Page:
Earlier this year I had grand plans, like most of us did, of what I’d do with all this extra time I’d have from not having to commute to and from work since we’d all gone remote. It’s fair to say that in hindsight, that was a naive of me. As we’ve all found out, sitting home in isolation is actually far from a relaxing activity. Especially when the world outside is on fire and we start to recede into our own minds. Ideally, I would’ve read a few dozens books in this time (and I’m sure some people have, kudos to you). In reality, what i have managed to do is to read a few pages of several books and almost never finishing any one of them. 

This morning, I felt like I was in the mood to read something. So I picked up a book that had only recently arrived. President Obama’s A Promised Land. (I’m only 30 pages into this one too so we’ll see how long this lasts). This book’s cover is rather minimal. It features a greyscale portrait of the president, his name and the title of the book in some uninteresting sans-serif font. So a thought popped in my mind. What’s my favorite book cover? I hadn’t ever thought of that before. 

When I’m in Bangalore, I always at least half a day at Blossoms- that amazing book shop on Church Street. I developed my book-shopping habits there as a teenager, walking in there with my grandfather who had an insatiable appetite for books. I’d usually accompany him since I had a precious skill (without which you couldn’t survive in Bangalore) – I could hail Autorickshaws and negotiate a reasonable price too. Once we got there, I’d run off to the mystery/suspense thriller shelves in the hope of finding something interesting. He’d spend sometime chatting with the man behind the counter before starting his own exploration of the shop. 

The thing with Blossoms was that it was an absolute mess. The shelves were high and stocked with books sold or donated to them over several years. That meant that Blossoms had a very specific ambience. A bibliophile’s dream. Books were everywhere, some not even stacked in the right shelves, mostly just piled on top of each other and the smell of old books was in every corner. It was beautiful. I’d pick a random book from a pile which was nearly as tall as I was, being particularly careful not to knock the whole thing over, dust it off and start reading a few pages. It was like walking through a treasure hunt and invariably you’d find something good! Almost inevitably, when you turn into an aisle you’d find a person slouched over themselves reading a book. You could spend as much time as you wanted there and nobody would bother you. So while my grandfather was picking up some rare edition Sherlock Holmes and a dozen other books, I’d be half way through a novel by an author I’d never head of before.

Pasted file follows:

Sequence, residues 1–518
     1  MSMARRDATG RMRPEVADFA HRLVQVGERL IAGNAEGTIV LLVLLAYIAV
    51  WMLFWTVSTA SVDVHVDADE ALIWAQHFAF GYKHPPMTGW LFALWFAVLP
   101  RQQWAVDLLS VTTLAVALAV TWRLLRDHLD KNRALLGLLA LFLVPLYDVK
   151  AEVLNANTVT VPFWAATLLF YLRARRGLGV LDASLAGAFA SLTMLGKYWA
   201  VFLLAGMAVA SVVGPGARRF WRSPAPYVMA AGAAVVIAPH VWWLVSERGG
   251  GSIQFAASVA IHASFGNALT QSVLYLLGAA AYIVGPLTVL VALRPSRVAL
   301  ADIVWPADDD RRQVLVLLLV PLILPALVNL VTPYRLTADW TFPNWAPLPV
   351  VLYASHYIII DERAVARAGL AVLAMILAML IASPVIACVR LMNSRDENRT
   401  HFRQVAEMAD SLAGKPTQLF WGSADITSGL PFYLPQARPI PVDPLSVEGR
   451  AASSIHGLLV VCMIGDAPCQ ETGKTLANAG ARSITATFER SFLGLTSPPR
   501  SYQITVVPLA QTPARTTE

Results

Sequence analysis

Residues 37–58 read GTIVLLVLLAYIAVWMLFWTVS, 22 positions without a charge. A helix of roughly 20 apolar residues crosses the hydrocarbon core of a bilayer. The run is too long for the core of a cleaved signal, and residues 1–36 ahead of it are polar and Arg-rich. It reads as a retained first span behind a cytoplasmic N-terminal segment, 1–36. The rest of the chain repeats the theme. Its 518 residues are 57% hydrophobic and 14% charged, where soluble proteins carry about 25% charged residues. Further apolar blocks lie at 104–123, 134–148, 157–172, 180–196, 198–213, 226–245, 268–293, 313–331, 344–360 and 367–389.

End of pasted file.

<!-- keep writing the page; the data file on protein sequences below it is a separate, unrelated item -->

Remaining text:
But over the years, I’ve come to appreciate how beautiful some books are, both inside and out.   There’s some really beautiful ones like Chita Banerjee Divakaruni’s Palace of illusions. The edition I own has an illustrated version but I recently saw its original cover: vibrant, regal and mysterious much like the protagonist of its story. Amitav Ghosh’s river of smoke also has a beautifully illustrated cover with some heavy, sorrowful strokes and shades but with muted but hopeful colors. These books, like Arundathi Roy’s The ministry of utmost happiness, have covers that deeply reflect the themes of the story inside. Some non-fiction publications too have very appealing covers. Nobel Laureate Frank Wilczek’s Beautiful question has a lovely flower which reminds me a lot of some old iPhone wallpapers! James Crabtree’s Billionaire Raj features Mukesh Ambani’s Antillia set against a gorgeous night sky but it represents everything that the book talks about- how filthy rich the Ambanis are and what an absolutely galling symbol of inequality that building is. These are fairly recent books. Then there’s older books like Nehru’s discovery of India (which I hope everyone reads) with a rather unremarkable cover but with some of the most thoughtful, reflective writing I’ve ever read. But that’s not representative in anyway of publishing during that period. Take, for example, this book called Paper Currency in India. Its cover is plain and academic but it has a fancy, creative golden embossing- the kind you see on wedding invitations. In the quest for minimal and chic, we might have lost some of this awesome creativity! Look at the cover of India love poems! Bright, beautiful and unapologetically so. So good! Bring it back!!!

It doesn’t look like I’ll be heading back to blossoms anytime soon. So the days of picking up a random book and hoping for a surprise are gone. But in the few days remaining in this awful year, I wish I’ll restart at least some of my old reading habits with the books I already have. And when I do, I’ll spend some time admiring their covers too. Perhaps this will be my new reading habit- judging a book and its cover! 

One response to “On judging a book and its cover”

  1. Sheeba Avatar

    Beautiful narration Duddoo….you transported me to Blossoms virtually …

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